FULTON, NY – One of the benchmarks for a strong community is the overall health of its residents. United Way of Greater Oswego County helps to fund 16 human services programs that focus specifically on improving the health and well-being of Oswego County residents.
One of the most vital programs to that mission is the Rural and Migrant Ministry of Oswego County.
Founded in 2000 by a group of women religious, the Rural and Migrant Ministry of Oswego County, provides free primary medical care to uninsured families and individuals.
Located at 14 Stewart St., Richland, the Rural and Migrant Ministry of Oswego County is open Monday through Thursday from 9 a.m. to 4:30 p.m. and hosts a free medical clinic each Wednesday from 5 to 7 p.m.
In 2014, the clinic received more than 200 doctor visits.
As the major funding source, United Way makes it possible for the Rural and Migrant Ministry of Oswego County to offer health care services.
“We serve the working poor,” said Executive Director Selena Hoyt. “Many are working minimum wage jobs. The Affordable Care Act doesn’t make health care affordable for them. We are their only option for health care. United Way funding and our caring volunteer health providers make it possible.”
Each week uninsured Oswego County residents age 64 and younger have the opportunity to receive primary medical care from Dr. Laura Hamilton who takes time from her practice in Baldwinsville to volunteer her services to the Rural and Migrant Ministry’s medical clinic. Sharon Ellis, LPN also volunteers at the medical clinic and Pat Bellanger, LPN works with pharmaceutical companies to provide patients with prescription assistance.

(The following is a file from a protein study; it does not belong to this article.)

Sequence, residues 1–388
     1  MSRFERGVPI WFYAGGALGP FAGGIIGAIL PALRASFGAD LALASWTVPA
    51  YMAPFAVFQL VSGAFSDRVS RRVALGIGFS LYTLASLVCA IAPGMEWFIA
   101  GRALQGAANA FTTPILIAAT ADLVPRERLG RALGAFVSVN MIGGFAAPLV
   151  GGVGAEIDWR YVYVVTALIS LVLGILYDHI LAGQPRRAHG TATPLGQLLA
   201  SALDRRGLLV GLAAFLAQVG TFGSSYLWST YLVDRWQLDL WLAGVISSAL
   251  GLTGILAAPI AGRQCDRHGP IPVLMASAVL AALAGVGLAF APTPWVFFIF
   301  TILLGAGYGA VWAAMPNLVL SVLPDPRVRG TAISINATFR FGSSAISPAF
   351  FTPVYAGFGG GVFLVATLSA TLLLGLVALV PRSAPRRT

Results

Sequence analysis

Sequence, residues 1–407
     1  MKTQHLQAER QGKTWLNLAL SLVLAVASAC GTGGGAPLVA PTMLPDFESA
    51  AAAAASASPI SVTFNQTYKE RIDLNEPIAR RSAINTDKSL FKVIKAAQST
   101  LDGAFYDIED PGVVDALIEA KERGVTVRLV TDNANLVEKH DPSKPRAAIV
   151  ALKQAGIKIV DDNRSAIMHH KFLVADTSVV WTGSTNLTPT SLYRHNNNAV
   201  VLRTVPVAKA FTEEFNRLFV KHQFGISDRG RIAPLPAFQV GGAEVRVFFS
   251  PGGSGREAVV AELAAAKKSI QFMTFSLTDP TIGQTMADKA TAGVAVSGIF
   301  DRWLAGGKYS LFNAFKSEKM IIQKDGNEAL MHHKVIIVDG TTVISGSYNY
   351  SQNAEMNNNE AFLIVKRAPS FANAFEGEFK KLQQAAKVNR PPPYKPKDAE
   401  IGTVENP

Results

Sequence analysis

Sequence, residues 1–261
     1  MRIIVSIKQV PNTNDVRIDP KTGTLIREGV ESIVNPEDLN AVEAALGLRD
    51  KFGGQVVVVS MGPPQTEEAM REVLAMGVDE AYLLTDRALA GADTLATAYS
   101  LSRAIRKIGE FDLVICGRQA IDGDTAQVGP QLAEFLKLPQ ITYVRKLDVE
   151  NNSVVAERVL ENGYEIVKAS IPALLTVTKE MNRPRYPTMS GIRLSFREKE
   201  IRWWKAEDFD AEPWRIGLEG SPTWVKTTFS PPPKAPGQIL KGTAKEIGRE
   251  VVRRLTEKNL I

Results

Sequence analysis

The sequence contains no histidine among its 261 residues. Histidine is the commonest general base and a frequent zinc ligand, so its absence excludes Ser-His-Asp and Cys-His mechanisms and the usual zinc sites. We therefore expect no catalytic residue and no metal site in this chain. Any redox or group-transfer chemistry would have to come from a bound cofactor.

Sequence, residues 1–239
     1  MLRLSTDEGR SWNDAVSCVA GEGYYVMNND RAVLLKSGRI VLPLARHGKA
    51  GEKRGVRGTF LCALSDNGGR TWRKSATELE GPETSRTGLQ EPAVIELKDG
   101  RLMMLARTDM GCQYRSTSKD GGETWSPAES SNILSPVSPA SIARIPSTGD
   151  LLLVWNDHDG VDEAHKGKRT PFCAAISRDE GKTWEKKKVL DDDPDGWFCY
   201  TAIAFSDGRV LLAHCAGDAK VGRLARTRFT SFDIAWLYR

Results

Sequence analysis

In addition to the medical clinic, Hoyt said that she and staff member Amy Jackson provide patients with referrals and, when necessary, advocate on their behalf.
Thanks to partnerships with other agencies such as Cornell Cooperative Extension, Oswego County Opportunities, BlueCross BlueShield, and the Pulaski Health Center, Rural and Migrant Ministries provides patients with the opportunity to receive more than just primary health care.
When needed Hoyt said that patients are referred to other sources of medical care such as OCO’s Cancer Services Program.
Additionally, Dr. Hamilton does whatever she can with her colleagues.
“Thanks to the efforts of the clinic’s all volunteer staff, patients have received medical care for cases of throat cancer and breast cancer, issues that if not for our medical clinic would not have been diagnosed,” said Hoyt.
While the free medical clinic is their focus, Rural and Migrant Ministries of Oswego County also offers nutritional education, classes on healthy cooking, and houses a small emergency food pantry, which served 3,000 meals last year.
“We are very grateful for the support we receive from United Way. We are a poor area and there is a lot of need here. Our free medical clinic is the only one of its kind in Oswego County. Without it there would be many people that would not have medical care. There is nothing better you can do for your community than support the United Way. Donations stay in Oswego County and help people right in your own backyard,” added Hoyt.
As for the future, Hoyt said she would like to be able to serve more patients by welcoming another volunteer physician and a dentist, and secure additional funding to purchase the necessary medications for the clinic’s patients and food for the agency’s emergency food pantry.
For more information on the Rural and Migrant Ministry of Oswego County, or to tour their facility contact them at (315) 298-1154 or via e-mail at [email protected]
For more information on the United Way and the programs it funds contact them at (315) 593-1900 or visit www.oswegounitedway.org